Didi and Gogo (which are nicknames for Vladimir and Estragon) are characters created to show the absurdity behind the action of waiting. As the matter of fact, this play is not only about absurdity but also it is absurd itself. You are watching a play in which nothing really happens. Just some ordinary and sometimes meaningless acts (yes meaningless and irrational). I was disappointed at first, but little by little, I realized that this is another Sisyphus, another The Stranger, another The Nausea! How masterfully Beckett demonstrates this Existential world of philosophy; this time on the subject of Waiting:

Waiting for Godot
Waiting for Someone to come and change your life
Waiting for Future
Waiting for a Miracle

You may like to check wikipedia .

Sound track:


Dubliners - Jeri Johnson, James Joyce This is my first experience of Joyce and I really liked it. I read it in Persian and unfortunately the translation wasn't so good, but even with that translation it was so clear to me what a treasure it was.

Joyce knows everything; every small step, every small gesture. He lives in the present moment. He sees the people: how they feel, how they think, how they speak. A genius psychologist; a genius writer!

Reading this collection of short stories shows me every little emotional experience in life should be valued. I can't write a story based on them, but who knows, maybe Joyce could!


میرا - Christopher Frank, لیلی گلستان لوس، بی مزه، بچه گانه

اصلا نمی دانم چرا گودریدز اینقدر این کتاب را می آورد جلوی چشم من. فکر می کردم حالا چه کتابی باید باشد!

مخصوصا چون دقیقا قبل از این کتاب، خاطرات ندیمه مارگارت آتوود که آن هم دیستوپیایی است را خواندم اصلا نمی توانم بیشتر یک ستاره به میرا بدهم.

Malone Dies

Malone Dies - Samuel Beckett I like the dark space in this story. I like the existence of reality. Sometimes we need someone to remind us Nothing is more real than Nothing!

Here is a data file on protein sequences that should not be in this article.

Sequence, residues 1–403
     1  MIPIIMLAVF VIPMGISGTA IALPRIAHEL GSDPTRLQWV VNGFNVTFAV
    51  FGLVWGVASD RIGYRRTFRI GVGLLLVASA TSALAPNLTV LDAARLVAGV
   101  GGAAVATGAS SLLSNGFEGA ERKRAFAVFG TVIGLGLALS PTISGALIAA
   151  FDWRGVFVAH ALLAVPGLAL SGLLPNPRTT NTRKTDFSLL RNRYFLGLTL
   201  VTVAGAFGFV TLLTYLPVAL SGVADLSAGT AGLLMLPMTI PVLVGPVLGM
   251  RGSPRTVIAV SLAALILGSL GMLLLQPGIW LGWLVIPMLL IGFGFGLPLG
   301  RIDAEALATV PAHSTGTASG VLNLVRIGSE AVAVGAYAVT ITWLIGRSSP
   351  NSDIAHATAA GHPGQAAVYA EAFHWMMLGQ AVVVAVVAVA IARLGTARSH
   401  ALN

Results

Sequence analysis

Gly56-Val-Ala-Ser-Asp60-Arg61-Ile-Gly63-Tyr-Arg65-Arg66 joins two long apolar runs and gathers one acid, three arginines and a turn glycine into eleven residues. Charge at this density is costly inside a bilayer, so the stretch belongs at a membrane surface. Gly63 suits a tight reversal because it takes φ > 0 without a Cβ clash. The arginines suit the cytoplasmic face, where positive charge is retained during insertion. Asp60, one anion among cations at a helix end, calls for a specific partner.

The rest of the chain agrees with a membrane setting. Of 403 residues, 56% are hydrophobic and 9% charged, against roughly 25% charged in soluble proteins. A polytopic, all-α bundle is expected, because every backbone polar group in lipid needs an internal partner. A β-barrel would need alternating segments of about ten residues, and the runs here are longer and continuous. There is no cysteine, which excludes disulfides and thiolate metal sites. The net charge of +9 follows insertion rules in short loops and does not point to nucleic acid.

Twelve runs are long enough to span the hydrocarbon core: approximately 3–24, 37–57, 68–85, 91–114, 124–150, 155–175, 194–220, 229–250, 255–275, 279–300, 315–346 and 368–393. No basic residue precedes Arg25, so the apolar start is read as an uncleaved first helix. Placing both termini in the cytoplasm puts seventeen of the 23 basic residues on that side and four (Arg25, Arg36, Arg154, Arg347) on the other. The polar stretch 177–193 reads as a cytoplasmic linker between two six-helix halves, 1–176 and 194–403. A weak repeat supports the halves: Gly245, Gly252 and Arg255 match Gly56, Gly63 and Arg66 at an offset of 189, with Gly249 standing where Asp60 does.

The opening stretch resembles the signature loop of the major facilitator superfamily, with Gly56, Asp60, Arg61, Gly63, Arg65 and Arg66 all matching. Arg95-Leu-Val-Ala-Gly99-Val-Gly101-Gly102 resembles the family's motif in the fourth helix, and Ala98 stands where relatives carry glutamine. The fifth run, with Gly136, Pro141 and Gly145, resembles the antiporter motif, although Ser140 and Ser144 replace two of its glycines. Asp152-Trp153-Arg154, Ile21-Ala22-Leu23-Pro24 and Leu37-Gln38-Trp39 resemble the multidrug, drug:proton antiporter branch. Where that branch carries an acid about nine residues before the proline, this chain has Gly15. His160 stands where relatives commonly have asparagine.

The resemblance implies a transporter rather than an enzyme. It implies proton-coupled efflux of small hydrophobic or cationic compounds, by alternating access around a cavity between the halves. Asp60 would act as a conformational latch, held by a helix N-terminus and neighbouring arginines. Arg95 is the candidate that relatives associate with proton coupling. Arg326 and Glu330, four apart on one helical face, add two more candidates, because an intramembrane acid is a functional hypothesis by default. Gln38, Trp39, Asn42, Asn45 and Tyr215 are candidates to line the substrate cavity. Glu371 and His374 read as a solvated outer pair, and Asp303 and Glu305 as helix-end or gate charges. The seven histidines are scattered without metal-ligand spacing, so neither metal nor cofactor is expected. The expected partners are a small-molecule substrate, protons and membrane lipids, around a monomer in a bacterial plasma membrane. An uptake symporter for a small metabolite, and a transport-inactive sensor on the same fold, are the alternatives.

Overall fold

En Trente Trois Sur La

En Trente Trois Sur La - René Char I used Google Translate to read these 33 poems. Not a good idea...

Some of my favorite parts:

Une femme suit des yeux de l’homme vivant
qu’elle aime.


Oiseau jamais intercepté
Ton étoile m’est douce au cœur
Ma route tire sur sa raie
L’air s’en détourne et l’homme y meurt.


Des yeux purs dans le bois
Cherchent en pleurant la tête habitable.


L’air était maternel
Les racines croissaient.

یک بحث فمینیستی قبل از پختن سیب زمینیها

یک بحث فمینیستی قبل از پختن سیب زمینیها - فاطمه اختصاری "Poetry is just the evidence of life. If your life is burning well, poetry is just the ash."

- Leonard Cohen

غزل های پست مدرن و سبک جدیدی که تا به حال با آن برخوردی نداشتم.

دارم جدا
می افتی از این سقف آجری
از دختر بزرگ! و خداوند چادری!!
از هر چه بود بودن و به هیچ چی شدن
از شک بین خالی و پر، خالی و پری
تو مثل چند عکس تکی گوشه اتاق
خیره به خود نشسته ای و غصه می خوری
داری جدا
ولم کن از این حرف های پوچ
من خسته ام



Exitstencilism - Banksy All the pictures in this book are included in [b:Wall and Piece|114683|Wall and Piece|Banksy|https://d202m5krfqbpi5.cloudfront.net/books/1327904853s/114683.jpg|110426].

But what does Exitstencilism mean? According to urban dictionary it is the way a dumba** spells "existentialism"! (large, sexxxy word, meaning the universe is a large mass of pointless chaos. based apon the idea that people actually care about their own pitiful reality.)